In the interim between Christ’s ascension and return, God has granted humanity the opportunity to repent.
In his second epistle, Peter explains the apparent “delay” in the return of Jesus from heaven. God is characterized by mercy and has no desire for anyone to perish. But the apostle even contends that the conduct of the church may “hasten” that day’s arrival. The relationship of men with God is dynamic, not static, and He responds eagerly to repentance.
Peter was reacting to lies about the return of Jesus, claiming either that his “coming” was delayed or will never come. That hope was a fervent expectation in the early church. But as time progressed, the surrounding world remained the same.
Wars, earthquakes, and other disasters continued to occur, but the earth remained intact. Rome did not fall, and the stars and planets continued in their respective courses. Thus, it was easy to assume that Christ’s return had been delayed. And this caused “scoffers to scoff, saying, where is the promise of his coming?” – (2 Peter 3:1-4).
In defending his position, Peter explained why Jesus has not yet appeared in glory. Rather than “delay” or failure, the apparent “postponement” in accord with God’s plan and mercy, His desire for all men and women to repent and receive salvation.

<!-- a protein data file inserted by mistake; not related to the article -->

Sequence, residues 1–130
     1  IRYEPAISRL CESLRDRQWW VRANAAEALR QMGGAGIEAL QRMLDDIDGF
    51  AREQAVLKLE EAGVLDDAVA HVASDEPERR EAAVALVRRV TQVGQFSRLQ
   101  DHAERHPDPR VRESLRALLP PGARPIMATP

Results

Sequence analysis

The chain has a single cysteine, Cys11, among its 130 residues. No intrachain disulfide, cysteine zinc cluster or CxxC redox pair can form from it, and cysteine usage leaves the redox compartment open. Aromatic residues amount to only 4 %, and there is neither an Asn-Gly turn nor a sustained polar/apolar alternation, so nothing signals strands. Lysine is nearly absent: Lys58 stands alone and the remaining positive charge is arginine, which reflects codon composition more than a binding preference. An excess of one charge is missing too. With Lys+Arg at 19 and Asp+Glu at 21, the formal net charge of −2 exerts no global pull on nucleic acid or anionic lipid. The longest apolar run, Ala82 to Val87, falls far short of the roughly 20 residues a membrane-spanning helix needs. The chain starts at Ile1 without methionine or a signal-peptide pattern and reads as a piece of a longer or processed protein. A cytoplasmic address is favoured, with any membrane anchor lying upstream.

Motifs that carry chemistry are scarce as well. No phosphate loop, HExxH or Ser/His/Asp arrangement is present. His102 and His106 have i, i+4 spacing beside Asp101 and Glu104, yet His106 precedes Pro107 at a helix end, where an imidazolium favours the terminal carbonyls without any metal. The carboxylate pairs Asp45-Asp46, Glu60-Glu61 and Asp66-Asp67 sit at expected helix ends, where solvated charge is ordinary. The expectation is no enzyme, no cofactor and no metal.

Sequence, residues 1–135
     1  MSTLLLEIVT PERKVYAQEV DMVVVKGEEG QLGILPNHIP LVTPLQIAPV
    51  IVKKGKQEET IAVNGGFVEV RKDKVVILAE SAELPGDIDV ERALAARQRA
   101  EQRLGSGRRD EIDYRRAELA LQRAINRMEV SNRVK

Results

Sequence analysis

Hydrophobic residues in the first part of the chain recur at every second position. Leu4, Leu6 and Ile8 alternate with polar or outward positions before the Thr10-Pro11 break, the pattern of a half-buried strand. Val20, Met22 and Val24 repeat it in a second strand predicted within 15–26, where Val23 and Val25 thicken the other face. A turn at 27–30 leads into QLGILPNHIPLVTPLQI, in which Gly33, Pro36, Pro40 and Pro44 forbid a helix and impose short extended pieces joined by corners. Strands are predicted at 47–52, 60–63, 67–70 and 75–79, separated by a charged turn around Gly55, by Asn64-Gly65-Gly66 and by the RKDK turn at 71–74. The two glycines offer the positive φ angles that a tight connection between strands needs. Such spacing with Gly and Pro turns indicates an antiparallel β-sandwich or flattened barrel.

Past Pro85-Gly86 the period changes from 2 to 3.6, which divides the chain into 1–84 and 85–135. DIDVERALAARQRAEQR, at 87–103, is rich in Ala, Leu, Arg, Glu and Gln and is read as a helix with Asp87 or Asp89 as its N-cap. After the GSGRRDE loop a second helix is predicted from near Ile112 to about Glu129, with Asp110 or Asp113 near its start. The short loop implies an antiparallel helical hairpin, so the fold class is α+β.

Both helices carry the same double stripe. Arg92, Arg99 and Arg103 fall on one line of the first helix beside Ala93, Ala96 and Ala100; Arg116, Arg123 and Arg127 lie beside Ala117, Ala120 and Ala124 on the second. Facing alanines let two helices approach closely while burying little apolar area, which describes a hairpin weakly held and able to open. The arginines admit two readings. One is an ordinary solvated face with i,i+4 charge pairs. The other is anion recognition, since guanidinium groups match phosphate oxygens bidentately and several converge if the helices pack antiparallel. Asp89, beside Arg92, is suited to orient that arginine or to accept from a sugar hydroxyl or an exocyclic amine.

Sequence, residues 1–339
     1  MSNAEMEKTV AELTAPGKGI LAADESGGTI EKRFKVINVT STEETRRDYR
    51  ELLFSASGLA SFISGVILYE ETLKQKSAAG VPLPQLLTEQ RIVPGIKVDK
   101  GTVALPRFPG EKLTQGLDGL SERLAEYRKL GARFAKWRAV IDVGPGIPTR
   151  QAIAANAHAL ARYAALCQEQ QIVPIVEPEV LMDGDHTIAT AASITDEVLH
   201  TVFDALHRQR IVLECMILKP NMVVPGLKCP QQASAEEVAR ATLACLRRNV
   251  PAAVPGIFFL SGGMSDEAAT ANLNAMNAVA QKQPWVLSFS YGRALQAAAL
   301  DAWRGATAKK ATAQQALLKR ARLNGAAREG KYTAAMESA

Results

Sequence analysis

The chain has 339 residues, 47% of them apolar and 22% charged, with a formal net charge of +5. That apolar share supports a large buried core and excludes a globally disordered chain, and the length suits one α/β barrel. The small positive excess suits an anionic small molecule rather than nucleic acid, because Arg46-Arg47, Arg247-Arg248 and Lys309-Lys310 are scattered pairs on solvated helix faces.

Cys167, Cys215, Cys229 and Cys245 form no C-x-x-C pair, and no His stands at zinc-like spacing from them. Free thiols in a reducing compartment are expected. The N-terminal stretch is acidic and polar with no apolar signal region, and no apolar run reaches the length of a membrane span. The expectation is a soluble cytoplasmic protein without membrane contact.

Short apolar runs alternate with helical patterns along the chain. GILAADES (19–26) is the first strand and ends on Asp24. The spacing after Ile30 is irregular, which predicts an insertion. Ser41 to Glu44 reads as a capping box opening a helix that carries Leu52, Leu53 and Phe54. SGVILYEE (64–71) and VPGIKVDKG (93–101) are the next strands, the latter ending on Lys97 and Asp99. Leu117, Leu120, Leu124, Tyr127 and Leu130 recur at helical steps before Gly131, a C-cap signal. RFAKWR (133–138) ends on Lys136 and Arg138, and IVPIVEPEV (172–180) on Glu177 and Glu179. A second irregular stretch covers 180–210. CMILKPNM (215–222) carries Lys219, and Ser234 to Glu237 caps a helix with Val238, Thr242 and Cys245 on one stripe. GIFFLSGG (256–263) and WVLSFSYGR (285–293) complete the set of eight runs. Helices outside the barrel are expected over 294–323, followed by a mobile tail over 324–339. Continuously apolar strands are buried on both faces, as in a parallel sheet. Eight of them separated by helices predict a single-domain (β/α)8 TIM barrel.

- (2 Peter 3:5-7) – “For this, they willfully forget, that there were heavens from of old, and an earth compacted out of the water and amidst water, by the word of God; by which means the world that then was, being overflowed with water, perished: but the heavens that now are, and the earth, by the same word have been stored up for fire, being reserved against the day of judgment and destruction of ungodly men.”
Deceivers “scoff” at the idea of the return of Jesus and final judgment on the disobedient, and they often point to normalcy, the routines and regular rituals of human society that continue daily, as solid evidence that God is not about to judge the world. Did not the apostles promise the soon return of the Lord, a claim now falsified by the passage of time and history?
But the deceivers “willfully forgot” that God previously destroyed society “by His word” in the Great Flood. Rather than prove that life simply continues as before, history demonstrates the opposite. Not only have natural and manmade catastrophes occurred, but God has also intervened more than once to bring destruction on sinful nations. And by that same “word of God,” the universe is being kept for the “day of judgment and destruction” yet to come.
- (2 Peter 3:8-10) – “But forget not this one thing, beloved, that one day is with the Lord as a thousand years and a thousand years as one day. The Lord is not slack concerning his promise, as some count slackness; but is longsuffering to you-ward, not wishing that any should perish, but that all should come to repentance. But the day of the Lord will come as a thief; in the which, the heavens shall pass away with a great noise, and the elements shall be dissolved with fervent heat, and the earth and the works that are therein shall be burned up.”
Peter quotes the ninetieth Psalm to demonstrate that what men consider “delay” is no such thing. God does not account for the passage of time in the same manner that men do. He is not subject to human timetables and expectations – (Psalm 90:4).